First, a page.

Journalism is not a crime but dictators think otherwise

Journalism is a fundamental pillar of all democratic countries because it provides citizens with information to make informed decisions to participate and give feedback on governmental affairs and policies.  More Importantly, journalism holds officials accountable.  However, on the other side of the political systems, on a regular basis in totalitarian regimes like China and Russia, reporters and journalists are persecuted, arrested, and even killed for simply doing their job, just because dictators want to repress, intimidate and brainwash the masses into believing propaganda favorable to the regimes.

Communist China has a long history of suppressing journalism, and has consistently used its power to silence journalists who reported on politically sensitive issues.  But since Xi Jinping came to power in 2012, the campaign against journalists, part of a broader trend of repressing civil society that also targeted NGOs, labor activists, human rights activists and lawyers, took on increased importance and thus went into overdrive.  

Additionally, complementing its tightened grip on the media, China has invested heavily in propaganda and has reportedly paid millions of dollars to foreign media outlets to influence their coverage of China.  This total intolerance for dissenting voices signaled that the government will go to great lengths to stifle those who spoke out against it, and that there will be a continuing escalation of persecution into the foreseeable future.

This disturbing habit has consequences not only for Chinese citizens but for the whole world as well.  Now that the world has entered Covid endemic and lifted all pandemic restrictions, the Chinese government is quietly rewriting its Covid-19 narrative to prevent investigations into the origins, which by knowing the truth has the potential to save millions of lives in mitigating all future pandemics.  With the crackdown on journalism and churning out propaganda, China is putting the whole world at risk again, of not being fully prepared by not having accurate information, when there is another global pandemic. 

It is well-documented that at the start of the Covid-19 pandemic, which originated at the Chinese city of Wuhan, the authority blacked out all information, arrested whistleblowers including Dr. Li Wenliang who later died succumbing to the virus, did nothing to isolate and prevent the spread of Covid-19, and did not raise alarm to the World Health Organization and other countries.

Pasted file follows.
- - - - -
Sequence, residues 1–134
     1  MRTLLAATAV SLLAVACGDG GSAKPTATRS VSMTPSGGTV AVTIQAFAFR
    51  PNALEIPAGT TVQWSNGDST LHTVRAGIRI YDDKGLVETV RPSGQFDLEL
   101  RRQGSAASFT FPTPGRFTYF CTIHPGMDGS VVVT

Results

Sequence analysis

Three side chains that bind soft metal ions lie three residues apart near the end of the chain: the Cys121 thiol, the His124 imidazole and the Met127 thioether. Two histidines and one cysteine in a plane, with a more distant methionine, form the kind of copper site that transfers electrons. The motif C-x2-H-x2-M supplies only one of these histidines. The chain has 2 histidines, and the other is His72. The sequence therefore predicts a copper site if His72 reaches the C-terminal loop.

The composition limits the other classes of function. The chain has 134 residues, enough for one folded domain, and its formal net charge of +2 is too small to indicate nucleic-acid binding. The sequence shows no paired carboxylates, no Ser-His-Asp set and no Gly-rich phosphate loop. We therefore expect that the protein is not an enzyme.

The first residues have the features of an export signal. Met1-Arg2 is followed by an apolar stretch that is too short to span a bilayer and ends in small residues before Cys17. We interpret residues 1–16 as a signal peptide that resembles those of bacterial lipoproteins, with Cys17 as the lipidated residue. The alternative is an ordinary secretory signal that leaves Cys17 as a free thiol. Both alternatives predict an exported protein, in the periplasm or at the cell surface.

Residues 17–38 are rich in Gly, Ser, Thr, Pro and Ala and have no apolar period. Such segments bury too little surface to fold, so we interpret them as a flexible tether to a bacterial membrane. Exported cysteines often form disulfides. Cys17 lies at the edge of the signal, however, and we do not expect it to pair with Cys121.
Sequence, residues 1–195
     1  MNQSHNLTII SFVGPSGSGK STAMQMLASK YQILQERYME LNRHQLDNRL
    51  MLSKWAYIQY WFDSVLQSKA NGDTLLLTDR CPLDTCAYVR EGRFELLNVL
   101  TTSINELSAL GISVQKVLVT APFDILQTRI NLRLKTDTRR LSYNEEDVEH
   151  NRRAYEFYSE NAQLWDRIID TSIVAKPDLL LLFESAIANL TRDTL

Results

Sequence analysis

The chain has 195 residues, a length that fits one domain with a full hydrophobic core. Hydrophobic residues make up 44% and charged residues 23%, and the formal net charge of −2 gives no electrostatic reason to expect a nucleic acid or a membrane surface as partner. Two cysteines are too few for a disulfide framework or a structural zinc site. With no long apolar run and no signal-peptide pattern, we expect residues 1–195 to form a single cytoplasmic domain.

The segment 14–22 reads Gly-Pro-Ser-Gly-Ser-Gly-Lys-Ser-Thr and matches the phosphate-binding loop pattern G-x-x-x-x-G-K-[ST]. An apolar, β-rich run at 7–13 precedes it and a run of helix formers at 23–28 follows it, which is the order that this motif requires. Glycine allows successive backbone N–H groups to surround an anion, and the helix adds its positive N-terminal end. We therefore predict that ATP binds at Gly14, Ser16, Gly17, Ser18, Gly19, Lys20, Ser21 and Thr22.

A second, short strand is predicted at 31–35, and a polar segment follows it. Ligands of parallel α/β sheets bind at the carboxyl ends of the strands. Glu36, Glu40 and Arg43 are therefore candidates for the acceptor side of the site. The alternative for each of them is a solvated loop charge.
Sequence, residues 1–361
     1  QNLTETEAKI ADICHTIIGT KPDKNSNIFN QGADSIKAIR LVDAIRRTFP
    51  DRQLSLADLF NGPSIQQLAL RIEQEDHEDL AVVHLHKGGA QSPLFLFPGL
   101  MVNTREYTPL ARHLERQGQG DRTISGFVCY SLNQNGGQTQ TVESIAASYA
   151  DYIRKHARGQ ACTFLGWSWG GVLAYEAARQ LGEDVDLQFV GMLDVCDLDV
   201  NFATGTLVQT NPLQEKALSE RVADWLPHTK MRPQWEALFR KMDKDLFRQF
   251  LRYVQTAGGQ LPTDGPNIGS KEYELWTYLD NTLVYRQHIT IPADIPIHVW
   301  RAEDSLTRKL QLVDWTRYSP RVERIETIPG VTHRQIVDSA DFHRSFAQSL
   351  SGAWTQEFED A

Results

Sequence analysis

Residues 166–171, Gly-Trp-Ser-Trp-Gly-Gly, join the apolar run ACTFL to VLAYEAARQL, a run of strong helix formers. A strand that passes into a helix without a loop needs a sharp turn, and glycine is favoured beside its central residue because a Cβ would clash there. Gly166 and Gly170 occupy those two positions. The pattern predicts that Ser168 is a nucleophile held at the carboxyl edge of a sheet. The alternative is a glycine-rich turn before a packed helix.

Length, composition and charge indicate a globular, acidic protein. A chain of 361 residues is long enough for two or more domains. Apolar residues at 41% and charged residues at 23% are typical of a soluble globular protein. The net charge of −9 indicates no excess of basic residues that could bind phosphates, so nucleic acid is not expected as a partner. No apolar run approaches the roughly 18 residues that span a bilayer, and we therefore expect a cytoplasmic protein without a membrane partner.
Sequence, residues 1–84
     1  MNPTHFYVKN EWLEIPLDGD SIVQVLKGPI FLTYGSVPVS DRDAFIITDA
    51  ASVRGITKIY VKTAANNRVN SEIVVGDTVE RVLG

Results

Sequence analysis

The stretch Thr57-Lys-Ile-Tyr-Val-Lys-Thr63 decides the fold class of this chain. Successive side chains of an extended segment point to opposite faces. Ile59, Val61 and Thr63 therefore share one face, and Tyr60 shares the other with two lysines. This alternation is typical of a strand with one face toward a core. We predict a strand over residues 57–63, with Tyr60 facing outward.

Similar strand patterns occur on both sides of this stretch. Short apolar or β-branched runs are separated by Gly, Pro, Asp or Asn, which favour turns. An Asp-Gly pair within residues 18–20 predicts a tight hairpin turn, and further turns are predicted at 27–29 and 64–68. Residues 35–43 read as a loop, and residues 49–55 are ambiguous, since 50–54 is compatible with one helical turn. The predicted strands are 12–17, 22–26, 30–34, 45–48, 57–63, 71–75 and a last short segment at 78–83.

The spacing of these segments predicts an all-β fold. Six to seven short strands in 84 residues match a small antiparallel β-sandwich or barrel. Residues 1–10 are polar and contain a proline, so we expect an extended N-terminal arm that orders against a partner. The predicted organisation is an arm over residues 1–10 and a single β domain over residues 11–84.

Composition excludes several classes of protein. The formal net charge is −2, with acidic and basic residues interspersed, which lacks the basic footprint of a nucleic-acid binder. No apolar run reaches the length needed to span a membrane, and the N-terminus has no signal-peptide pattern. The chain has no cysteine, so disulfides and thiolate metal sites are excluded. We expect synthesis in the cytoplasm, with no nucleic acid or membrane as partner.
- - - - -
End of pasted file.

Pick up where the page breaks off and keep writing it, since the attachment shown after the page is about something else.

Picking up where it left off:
Now, the communist government is taking its people’s struggle against science.  Officials muzzle scientists, hinder international investigations and censor online information and discussions.  Under governmental pressure, scientists withheld data, withdrew genetic sequences from public databases and altered crucial details in journal submissions.  The propaganda even targeted international journals and scientific databases.  

With all the cover-ups, it is hard to get any information out of China and even if information did manage to slip out, there is a possibility it may be doctored, all of which is detrimental to the longstanding global practice of shared scientific knowledge.  The world must take a firm stance against the Chinese government’s disinformation and deceptive behavior. 

Some examples of persecuted journalists

U.S. journalist Evan Gershkovich, working for the Wall Street Journal, was arrested in Russia on March 29 and charged with spying.  The authority claimed Gershkovich, who could face up to 20 years in jail if found guilty, was trying to obtain classified defense information for the U.S. government, which he denied.  

In China, reporters reporting on the widespread protests on November 27, 2022 calling for an end to the disastrous zero-Covid policy, faced immediate repression.  Numerous reporters were physically assaulted by the police and a number of them were arrested, including BBC’s correspondent Edward Lawrence, Renwu Magazine journalist Wang Xue, Beijing News journalist Yang Liu and freelance journalists Qin Ziyi and Li Siqi.  They faced charges from “picking quarrels and provoking trouble” to “gathering a crowd to disrupt public order,” for which one can be sentenced up to life imprisonment. 

In March 2021, a journalist who worked for the state-run Global Times named Fan Yiran was detained by the police, who accused her of “picking quarrels and provoking trouble”.   She was critical of the Chinese Communist Party and its policies.  Also in March 2021, two Chinese nationals, Haze Fan and Yuke Song, who worked for the Bloomberg news bureau in Beijing were arrested on suspicion of “endangering national security”.